This movement isn’t new. It’s actually been a thing for many years, but has recently exploded in the form of websites, blogs, books, hashtags and Youtube videos all talking about the same things – how to care for your locs/curls/fro, how to make the transition to a natural hair lifestyle, and most importantly, how to cultivate a love for your natural self. Because it’s not just about hair; it’s about changing one’s self image and subverting cultural norms in the name of freedom – the freedom to express one’s true, natural beauty.
Making the transition to natural hair can be an empowering expression of self-love and acceptance. But there is another side to this movement that has some people steering clear. Because beneath all of the positivity, inspiration and love, is the movement also creating a kind of gap between individuals of color? Is it just another movement dictating what women should do with their bodies? Is the idea of being “natural” implying that those who don’t make the transition are “fake” and not being true to themselves?
“I think that [the movement]is really cool and it can be a liberating experience for some people, especially someone who’s Black and who might want to finally wear their hair the way it naturally is,” explains Taylor Mason, a sophomore English Major at La Salle University. “I feel like even though there are good intentions behind it, there’s still this idea of what “good hair” is in the Black community.”
So, what exactly is “good hair”?
“Well, say I try to look up a video about how to change my hairstyle up. I always find videos on how to change my texture instead. On Natural Hair blogs, they always show pictures of mixed people with curly hair and not everyone’s hair is like that,” Mason continues. “So, even still, there’s a sort of standard or hierarchy of ‘good hair’. The Natural Movement upholds this “good natural hair”, which is this idealized, super curly texture, you know? Not everyone has hair like that.”
The elitism within the Natural Hair Movement often turns off individuals like Taylor Mason, the owner of what she calls “impossible hair”, from joining in on the positivity. An underlying division is fostered between high-horsian naturalistas and people who ritualistically spend hundreds of dollars getting perms, relaxers and weave. Neither side is wrong, but both sides have their flaws. One is arrogance, the other is a potentially damaged self image.
First, let’s get one thing straight: weave and hair chemicals are not for emulating whiteness. Arguably, they might have been during more socially turbulent times – when Black people would use it as a means of assimilation into white society – but this is no longer the case. Now, American women are relatively freer in terms of what they choose to wear and how they look. Hair has just become an extension of fashion and personal expression, just as having “natural hair” has become a lifestyle choice.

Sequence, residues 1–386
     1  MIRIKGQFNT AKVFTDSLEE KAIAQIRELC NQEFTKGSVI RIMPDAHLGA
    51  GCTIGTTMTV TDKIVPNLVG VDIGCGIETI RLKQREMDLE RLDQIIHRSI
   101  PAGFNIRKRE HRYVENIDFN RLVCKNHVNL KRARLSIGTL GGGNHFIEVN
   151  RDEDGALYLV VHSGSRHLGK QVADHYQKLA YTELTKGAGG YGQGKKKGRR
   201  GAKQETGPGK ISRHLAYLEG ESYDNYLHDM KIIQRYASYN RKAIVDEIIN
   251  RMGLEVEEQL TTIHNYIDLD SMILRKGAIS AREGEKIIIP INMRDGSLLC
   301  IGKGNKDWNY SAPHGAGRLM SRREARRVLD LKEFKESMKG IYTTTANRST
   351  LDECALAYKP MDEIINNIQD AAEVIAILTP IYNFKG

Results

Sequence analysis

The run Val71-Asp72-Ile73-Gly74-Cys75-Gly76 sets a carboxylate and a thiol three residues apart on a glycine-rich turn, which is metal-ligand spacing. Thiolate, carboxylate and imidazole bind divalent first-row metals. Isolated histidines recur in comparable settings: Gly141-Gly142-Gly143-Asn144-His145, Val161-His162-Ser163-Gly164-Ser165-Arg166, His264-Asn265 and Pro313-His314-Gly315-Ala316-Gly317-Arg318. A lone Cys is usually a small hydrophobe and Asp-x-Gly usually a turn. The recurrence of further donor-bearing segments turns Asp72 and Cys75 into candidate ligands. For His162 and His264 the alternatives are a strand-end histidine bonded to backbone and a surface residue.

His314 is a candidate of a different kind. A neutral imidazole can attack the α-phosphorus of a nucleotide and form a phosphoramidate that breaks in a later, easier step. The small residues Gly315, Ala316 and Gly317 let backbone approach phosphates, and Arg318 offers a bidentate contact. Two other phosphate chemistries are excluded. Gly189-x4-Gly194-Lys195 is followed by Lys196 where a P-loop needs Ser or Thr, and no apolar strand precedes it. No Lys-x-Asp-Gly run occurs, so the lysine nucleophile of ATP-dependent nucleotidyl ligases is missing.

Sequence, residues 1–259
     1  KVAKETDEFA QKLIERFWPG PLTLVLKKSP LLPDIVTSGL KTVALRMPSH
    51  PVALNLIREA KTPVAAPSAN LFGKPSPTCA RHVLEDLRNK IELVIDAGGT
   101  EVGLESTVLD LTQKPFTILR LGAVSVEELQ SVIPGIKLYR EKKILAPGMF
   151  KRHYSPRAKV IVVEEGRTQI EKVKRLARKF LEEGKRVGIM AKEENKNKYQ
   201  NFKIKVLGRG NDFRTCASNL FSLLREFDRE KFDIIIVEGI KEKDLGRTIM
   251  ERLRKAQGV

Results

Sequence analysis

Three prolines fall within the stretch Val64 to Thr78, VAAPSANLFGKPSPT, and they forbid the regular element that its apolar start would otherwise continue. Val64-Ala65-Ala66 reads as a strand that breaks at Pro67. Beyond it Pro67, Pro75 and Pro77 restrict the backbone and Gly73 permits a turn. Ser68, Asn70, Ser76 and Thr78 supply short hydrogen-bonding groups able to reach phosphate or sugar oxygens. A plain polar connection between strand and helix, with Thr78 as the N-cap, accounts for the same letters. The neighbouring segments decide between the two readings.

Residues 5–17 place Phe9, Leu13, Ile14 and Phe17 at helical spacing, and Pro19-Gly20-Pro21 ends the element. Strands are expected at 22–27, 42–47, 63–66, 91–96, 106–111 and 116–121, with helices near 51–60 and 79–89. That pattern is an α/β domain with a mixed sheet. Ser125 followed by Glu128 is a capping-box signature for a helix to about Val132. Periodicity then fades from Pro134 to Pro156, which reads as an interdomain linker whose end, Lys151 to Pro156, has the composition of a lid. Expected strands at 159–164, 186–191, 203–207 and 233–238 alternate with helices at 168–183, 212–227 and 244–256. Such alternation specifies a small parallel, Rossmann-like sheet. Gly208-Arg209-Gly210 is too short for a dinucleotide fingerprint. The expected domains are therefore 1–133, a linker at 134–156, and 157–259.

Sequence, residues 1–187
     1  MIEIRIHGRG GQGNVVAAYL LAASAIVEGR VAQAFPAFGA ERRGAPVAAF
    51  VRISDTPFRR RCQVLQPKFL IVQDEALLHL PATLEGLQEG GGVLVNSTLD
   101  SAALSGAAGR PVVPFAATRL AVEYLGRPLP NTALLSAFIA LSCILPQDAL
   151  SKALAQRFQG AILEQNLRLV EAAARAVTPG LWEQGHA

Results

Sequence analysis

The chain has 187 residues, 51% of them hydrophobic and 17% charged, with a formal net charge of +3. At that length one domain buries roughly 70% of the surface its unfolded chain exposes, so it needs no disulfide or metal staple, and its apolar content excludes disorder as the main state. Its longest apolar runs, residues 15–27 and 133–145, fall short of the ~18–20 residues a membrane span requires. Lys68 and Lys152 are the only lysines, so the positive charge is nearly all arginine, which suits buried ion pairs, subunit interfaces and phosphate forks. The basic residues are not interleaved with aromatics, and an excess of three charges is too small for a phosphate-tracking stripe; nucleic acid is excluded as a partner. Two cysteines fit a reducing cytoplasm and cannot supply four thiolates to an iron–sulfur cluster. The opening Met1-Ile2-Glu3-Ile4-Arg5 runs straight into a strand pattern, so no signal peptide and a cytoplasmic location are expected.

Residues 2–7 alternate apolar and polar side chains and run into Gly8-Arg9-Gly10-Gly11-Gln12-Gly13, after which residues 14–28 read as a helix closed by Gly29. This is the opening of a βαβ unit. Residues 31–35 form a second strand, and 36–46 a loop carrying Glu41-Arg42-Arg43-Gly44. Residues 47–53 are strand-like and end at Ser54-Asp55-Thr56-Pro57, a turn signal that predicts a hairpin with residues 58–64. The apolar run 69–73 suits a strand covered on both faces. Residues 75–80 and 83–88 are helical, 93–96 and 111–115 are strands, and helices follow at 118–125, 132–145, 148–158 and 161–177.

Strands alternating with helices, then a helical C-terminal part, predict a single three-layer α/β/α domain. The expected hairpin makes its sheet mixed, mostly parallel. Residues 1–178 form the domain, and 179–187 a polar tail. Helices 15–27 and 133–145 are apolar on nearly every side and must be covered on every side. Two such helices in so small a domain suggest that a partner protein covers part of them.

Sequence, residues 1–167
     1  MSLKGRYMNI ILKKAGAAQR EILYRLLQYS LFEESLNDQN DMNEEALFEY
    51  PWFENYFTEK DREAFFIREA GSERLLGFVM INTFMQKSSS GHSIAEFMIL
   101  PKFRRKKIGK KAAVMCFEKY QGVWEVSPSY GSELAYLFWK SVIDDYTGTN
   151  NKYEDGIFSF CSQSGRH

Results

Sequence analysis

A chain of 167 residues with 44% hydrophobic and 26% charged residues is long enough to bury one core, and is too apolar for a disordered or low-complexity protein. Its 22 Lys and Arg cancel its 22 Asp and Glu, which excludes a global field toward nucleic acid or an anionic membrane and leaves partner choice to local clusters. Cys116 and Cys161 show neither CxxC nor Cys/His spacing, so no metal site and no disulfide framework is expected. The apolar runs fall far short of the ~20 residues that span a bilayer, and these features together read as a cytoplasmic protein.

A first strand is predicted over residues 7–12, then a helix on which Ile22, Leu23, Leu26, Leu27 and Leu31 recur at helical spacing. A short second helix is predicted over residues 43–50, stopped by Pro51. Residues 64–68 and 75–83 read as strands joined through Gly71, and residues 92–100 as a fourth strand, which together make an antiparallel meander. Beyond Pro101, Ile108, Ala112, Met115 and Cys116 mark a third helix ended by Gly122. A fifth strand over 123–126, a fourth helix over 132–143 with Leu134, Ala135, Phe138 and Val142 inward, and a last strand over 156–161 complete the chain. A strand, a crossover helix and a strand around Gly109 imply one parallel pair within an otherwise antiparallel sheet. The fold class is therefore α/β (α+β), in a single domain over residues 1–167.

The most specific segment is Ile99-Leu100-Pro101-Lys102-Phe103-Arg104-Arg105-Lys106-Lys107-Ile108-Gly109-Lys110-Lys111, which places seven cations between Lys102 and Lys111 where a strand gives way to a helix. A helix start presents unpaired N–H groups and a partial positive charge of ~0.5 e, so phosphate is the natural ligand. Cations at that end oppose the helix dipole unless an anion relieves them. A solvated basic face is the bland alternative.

“I think weave is just a way to change up how you want your hair to look. It originated as a way to play around with having a totally different hair texture, and there were points in time when people were more critical and frowned upon it,” shared Dyane Chandler, a proponent of free choice when it comes to how one styles their hair. “But now, more and more people have access to it. It’s fun. I think weaves are awesome, and even though natural hair is the new trend right now, I think weaves will always be around because there’s always a demand.”
If there’s one thing that both pro- and non-naturalistas can learn from each other, it’s this: there’s nothing fake about being yourself. Whether you bravely chop your expensive locks to start anew, or continue investing into that forever-fabulous “do”, the only thing that matters is that you’re happy with who you are and aren’t falling prey to criticism from others. As cliche as it sounds, being “natural” is really just being yourself.
“When I was young, I got relaxers because my hair was impossible. My natural hair is so hard to take care of, and as a kid I couldn’t do it,” Taylor Mason recalled not so fondly. “My mom never learned how to take care of my hair because she had always got relaxers, too. And to some extent, she learned how to manage it, but she decided to take me to get relaxers. I don’t think it was to make me more white, but rather because she didn’t have the time to put into my hair. It’s all convenience.”
I found myself relating to my friend Taylor’s experience, and it helped relieve the doubts in the back of my mind as to whether I was really keeping my hair straight for me (to save myself the tie and pain) and not for other’s viewing pleasure.
“Personally, natural hair is not that fun to take care of. It varies, but I think some people get the impression that it is easy, that you wake up with a bouncing, beautiful afro. It’s not,” Taylor laughed. “But if that’s what people choose to put effort into, for the sake of being true to themselves, then who am I to criticize? It’s exactly what I’m doing when I get my hair done, isn’t it?”